Handling None Labels in Dataset Leads to NaN Gradients and Predictions

Hi everyone,

I’ve encountered an issue while training my model with a dataset that occasionally has samples with None labels. To handle these cases, I set the loss to 0 whenever the label is None by using reduction="none" on the loss function. Here’s a simplified version of my approach:

import torch
from torch import optim, nn
from torch.utils.data import DataLoader

# Dummy data
x = torch.randn(100, 10)
y = torch.randn(100, 1)

# Set random values to NaN
nan_indexes = torch.randperm(100)[:10]
y[nan_indexes] = float("nan")

dl = DataLoader(list(zip(x, y)), batch_size=10)

# Model, loss function, and optimizer
model = nn.Sequential(nn.Linear(10, 10), nn.ReLU(), nn.Linear(10, 1))
criterion = nn.MSELoss(reduction="none")
optimizer = optim.Adam(model.parameters(), lr=0.001)

num_epochs = 20

for epoch in range(num_epochs):
    for x, y in dl:
        outputs = model(x)
        loss = criterion(outputs, y)

        # Handle None labels
        nan_indexes = torch.isnan(y).nonzero()
        loss[nan_indexes] = 0
        loss = loss.sum() / (loss.shape[0] - nan_indexes.shape[0])  # Calculate the correct average loss


The issue arises after a few steps: the gradient norms become NaN and loss is 0. Eventually, the model’s predictions also yield NaN and then the training crashes.

Here’s what I’ve tried:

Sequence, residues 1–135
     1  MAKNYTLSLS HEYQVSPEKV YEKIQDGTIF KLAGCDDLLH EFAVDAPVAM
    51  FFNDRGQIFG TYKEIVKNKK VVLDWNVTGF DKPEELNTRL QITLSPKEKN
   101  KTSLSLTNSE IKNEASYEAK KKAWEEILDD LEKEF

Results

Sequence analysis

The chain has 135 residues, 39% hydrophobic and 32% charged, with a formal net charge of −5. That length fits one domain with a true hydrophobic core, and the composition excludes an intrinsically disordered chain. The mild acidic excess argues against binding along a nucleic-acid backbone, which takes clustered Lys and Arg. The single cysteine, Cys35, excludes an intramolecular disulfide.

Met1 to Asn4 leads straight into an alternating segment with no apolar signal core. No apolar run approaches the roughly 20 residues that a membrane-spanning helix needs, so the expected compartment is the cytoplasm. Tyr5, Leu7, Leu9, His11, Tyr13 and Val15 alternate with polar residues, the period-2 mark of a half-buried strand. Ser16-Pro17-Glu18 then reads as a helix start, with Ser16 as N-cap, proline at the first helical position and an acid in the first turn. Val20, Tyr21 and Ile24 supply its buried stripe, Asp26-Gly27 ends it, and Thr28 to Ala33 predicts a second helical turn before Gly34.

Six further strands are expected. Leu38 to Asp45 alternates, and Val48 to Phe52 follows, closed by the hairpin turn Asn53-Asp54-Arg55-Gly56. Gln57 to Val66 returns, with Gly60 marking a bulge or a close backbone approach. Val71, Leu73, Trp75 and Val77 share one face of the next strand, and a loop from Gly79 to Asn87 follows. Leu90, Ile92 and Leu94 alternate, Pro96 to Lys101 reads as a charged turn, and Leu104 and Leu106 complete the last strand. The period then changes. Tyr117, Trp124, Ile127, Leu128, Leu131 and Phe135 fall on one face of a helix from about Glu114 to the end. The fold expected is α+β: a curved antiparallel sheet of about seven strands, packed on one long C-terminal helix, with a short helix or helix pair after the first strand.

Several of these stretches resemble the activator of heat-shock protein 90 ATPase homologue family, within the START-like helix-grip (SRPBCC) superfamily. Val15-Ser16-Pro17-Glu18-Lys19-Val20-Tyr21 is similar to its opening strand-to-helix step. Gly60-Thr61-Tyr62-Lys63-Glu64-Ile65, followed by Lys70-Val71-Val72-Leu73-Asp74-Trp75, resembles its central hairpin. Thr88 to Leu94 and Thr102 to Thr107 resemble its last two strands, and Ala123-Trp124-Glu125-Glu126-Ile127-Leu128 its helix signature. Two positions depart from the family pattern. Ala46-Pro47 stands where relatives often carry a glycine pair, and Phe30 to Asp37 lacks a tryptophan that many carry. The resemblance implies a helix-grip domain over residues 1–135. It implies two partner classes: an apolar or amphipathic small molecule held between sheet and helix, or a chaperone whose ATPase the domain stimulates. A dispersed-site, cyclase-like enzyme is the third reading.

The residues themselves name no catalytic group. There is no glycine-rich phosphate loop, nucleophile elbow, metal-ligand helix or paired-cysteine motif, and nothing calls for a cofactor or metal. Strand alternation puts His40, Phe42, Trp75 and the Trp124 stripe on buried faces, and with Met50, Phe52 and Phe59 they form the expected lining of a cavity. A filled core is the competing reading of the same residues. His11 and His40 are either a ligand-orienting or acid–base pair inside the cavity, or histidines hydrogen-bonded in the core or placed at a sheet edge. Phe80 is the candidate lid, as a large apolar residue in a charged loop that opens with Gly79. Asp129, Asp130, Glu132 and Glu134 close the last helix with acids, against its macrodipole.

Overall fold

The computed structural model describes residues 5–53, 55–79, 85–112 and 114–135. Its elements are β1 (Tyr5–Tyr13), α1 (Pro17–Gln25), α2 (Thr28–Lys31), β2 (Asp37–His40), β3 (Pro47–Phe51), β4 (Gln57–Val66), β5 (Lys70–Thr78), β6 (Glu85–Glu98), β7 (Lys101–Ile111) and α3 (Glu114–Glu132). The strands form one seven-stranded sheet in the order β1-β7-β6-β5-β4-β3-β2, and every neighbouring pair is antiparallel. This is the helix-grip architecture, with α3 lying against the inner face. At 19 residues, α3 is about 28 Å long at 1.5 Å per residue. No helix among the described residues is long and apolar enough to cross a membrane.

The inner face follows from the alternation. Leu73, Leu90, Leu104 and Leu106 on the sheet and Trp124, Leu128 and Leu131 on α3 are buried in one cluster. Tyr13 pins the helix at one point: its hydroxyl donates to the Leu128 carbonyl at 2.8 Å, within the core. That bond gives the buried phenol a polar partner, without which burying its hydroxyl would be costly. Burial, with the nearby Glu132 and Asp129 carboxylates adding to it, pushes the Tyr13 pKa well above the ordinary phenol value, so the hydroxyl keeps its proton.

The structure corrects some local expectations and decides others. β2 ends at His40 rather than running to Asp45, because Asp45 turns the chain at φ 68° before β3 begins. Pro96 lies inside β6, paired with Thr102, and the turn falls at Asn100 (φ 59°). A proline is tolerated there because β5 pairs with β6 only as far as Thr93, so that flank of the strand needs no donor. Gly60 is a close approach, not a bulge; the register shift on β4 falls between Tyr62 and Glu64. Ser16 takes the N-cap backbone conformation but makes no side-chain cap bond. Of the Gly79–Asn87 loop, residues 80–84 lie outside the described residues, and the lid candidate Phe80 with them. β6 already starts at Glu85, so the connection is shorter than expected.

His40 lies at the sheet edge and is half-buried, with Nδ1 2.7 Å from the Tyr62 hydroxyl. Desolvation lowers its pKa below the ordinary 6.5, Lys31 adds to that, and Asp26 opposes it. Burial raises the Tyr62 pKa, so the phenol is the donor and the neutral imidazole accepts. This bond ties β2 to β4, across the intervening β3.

• Verified that only the None labels are handled with the zero loss.
  • Checked that the data inputs do not contain NaN values.

Despite these checks, the problem persists. Has anyone faced a similar issue or have any suggestions on how to properly handle None labels in the dataset without leading to NaN gradients?

Thanks in advance for your help!

Edit: It seems that if I zero out the label before calculating the output, I don’t get NaN. Is this the correct procedure if I want to ignore samples on the fly?

Hi Lpolisi!

You talk about labels with None values, but, in your example, you have
labels (your y) with nan values. None and nan are different. Following
your example, I will talk about nans, as they are the cause of your issue.

Yes. nans, by design, pollute everything. (For example, 0 * nan = nan.)
So even though you zero out the nans in loss, you still have nans in the
computation graph and they pollute the gradients when you backpropagate.

Yes, this is the correct approach. Get rid of the nans before you perform
any computation that mixes them with a requires_grad = True tensor
and you will avoid having any nans lurking in your computation graph that
would just waiting to pollute your gradients when you backpropagate.


>>> import torch
>>> print (torch.__version__)
>>> t = torch.arange (5.0, requires_grad = True)
>>> y = torch.ones (5)
>>> y[1:3] = float ('nan')
>>> nan_indices = torch.isnan (y).nonzero()
>>> y
tensor([1., nan, nan, 1., 1.])
>>> nan_indices
>>> loss_unr = (t - y)**2
>>> loss_unr                      # damage is done, need to get rid of nans first
tensor([1., nan, nan, 4., 9.], grad_fn=<PowBackward0>)
>>> # get rid of nans
>>> y[nan_indices] = 99.0
>>> loss_unr = (t - y)**2         # no nans hiding in computation graph
>>> loss_unr                      # no nans
tensor([1.0000e+00, 9.6040e+03, 9.4090e+03, 4.0000e+00, 9.0000e+00],
>>> loss_unr[nan_indices] = 0.0   # zero out bogus values
>>> loss = loss_unr.sum()
>>> loss                          # no nans
tensor(14., grad_fn=<SumBackward0>)
>>> loss.backward()
>>> t.grad                        # grad is not polluted with nans
tensor([-2., -0., -0.,  4.,  6.])


K. Frank